3. Did Joseph McStay's business have anything to do with his families' disappearance?

In the months before his disappearance, business at Joseph's company was good.

So good, in fact, that Joseph was working on a deal that could have been worth $9 million, his father, Patrick McStay, said.

By summer of 2011, Dan Kavanaugh, who worked for Joseph managing his company's website, had sold the business to an outside company. Patrick was enraged.

"He owned nothing of --- any part of, any share of, anything," he said.

Dan, however, said he and Joseph split everything 50-50.

"We shared ownership from the beginning of starting the company," he said.

Although Patrick had his suspicions about Kavanaugh, Dan has maintained his alibi and innocence.

"I was in Hawaii for over a month before he disappeared," he said.

And the evidence CNN has uncovered seems to indicate Kavanaugh was in Hawaii around the initial days of the McStays' disappearance.

4. Why was someone using the McStays' computer to research traveling to Mexico?

One week before the McStays went missing, someone used their home computer to search for information on how to get children into Mexico.

Four days after they disappeared, detectives say the family's white Isuzu Trooper was parked and subsequently towed from a parking lot just steps from the Mexican border.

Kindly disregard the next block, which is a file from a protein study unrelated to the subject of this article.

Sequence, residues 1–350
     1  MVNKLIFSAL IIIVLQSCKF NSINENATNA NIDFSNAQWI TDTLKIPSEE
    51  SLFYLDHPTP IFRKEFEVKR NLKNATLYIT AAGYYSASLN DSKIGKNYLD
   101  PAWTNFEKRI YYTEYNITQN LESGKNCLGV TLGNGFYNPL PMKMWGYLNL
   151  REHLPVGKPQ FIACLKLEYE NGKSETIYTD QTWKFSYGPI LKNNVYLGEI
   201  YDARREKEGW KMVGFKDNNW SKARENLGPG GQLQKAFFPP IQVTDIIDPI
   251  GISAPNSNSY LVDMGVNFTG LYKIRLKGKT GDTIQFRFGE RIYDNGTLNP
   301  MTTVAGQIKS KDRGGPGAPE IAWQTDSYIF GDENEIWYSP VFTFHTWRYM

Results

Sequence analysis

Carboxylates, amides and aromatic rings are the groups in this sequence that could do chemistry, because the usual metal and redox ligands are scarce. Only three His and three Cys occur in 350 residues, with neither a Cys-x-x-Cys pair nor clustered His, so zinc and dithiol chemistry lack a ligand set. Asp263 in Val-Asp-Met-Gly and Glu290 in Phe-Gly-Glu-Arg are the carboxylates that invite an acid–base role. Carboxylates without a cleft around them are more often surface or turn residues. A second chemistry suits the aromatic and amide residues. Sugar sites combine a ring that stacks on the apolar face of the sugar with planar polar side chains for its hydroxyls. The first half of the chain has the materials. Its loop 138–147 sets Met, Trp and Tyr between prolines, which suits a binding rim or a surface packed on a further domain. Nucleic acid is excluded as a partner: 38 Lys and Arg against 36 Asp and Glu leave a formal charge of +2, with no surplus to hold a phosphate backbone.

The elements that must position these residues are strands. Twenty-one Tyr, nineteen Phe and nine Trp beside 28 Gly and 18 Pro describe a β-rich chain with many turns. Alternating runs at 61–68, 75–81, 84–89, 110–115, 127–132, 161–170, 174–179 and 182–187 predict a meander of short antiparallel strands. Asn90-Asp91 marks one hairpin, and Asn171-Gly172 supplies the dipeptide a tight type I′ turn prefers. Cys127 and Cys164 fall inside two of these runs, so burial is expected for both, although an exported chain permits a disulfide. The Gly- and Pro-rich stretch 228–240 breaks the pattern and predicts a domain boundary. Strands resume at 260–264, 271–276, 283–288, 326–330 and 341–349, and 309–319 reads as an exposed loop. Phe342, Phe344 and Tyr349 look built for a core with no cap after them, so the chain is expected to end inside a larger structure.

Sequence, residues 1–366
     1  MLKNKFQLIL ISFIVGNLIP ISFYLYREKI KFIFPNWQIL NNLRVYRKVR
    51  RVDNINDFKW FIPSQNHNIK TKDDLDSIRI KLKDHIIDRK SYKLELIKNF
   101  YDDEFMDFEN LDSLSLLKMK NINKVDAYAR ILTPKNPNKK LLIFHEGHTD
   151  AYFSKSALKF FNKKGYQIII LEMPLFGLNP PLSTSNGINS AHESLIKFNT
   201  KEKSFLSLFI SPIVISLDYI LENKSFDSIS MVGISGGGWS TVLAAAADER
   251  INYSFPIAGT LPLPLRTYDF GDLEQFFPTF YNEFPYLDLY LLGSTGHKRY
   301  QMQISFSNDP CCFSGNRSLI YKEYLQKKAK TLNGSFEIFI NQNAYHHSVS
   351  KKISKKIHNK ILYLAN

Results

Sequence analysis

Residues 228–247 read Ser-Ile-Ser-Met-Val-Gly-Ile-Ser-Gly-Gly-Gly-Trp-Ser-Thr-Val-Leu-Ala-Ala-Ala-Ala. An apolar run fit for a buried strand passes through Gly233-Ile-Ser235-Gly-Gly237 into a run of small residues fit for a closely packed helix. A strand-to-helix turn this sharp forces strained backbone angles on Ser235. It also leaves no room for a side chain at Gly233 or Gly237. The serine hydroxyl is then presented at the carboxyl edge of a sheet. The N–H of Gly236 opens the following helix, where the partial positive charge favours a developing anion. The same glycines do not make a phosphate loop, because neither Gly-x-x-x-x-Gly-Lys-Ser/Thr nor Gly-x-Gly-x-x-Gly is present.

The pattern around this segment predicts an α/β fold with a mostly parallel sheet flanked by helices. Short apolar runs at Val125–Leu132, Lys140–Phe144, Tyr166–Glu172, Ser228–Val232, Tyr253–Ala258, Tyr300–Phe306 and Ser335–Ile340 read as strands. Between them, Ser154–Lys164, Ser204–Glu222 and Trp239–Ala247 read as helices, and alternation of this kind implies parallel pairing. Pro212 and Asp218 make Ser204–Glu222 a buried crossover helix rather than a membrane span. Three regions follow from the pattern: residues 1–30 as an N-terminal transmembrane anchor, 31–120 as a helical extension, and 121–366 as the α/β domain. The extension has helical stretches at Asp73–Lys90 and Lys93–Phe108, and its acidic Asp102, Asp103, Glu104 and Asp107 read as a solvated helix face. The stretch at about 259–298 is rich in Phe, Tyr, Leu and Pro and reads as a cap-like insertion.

Investigators also found surveillance video showing a family of four matching the McStays' description crossing on foot into Mexico on February 8.

"I just thought, 'Well, maybe they took off,' " said Joseph's mother, Susan Blake. But his father wasn't buying it.

"I said right up front, the first time I saw it (the surveillance footage), it wasn't them," said Patrick, adding that Summer was afraid of Mexico.

"Would Summer take her two children in there? Heck, no," he said.

Still, investigators want to know whether the computer search and their disappearance were related.

5. Was crucial evidence in the McStay family home destroyed?

Eleven days after the McStays went missing, Joseph's brother Michael called the Sheriff's Department. He said he waited so long because he didn't want to overreact and thought the family might just be on vacation.

Brother to killers: 'You guys are cowards'

The Sheriff's Department immediately alerted homicide, but it took investigators four days to obtain the warrants needed to complete a full search of the home.

During those three days, the McStay home was unsealed. The McStays' friends and family had some access in and out of the house.

Joseph's mother straightened up the kitchen, which she says smelled terrible because of the trash.

Michael McStay said the house was not deemed a crime scene because there was no sign of forced entry.

With investigators' permission, he said, he grabbed his brother's computer and SD card.

Given all of the foot traffic in the house, freelance investigative journalist Steph Watts said critical evidence could have been lost.

"Certain items that might have been really key to the big mystery of why they left that house are gone," he said.

CNN's Melissa Dunst, Dana Ford, Jessica Small, and Kristi Ramsay contributed to this report.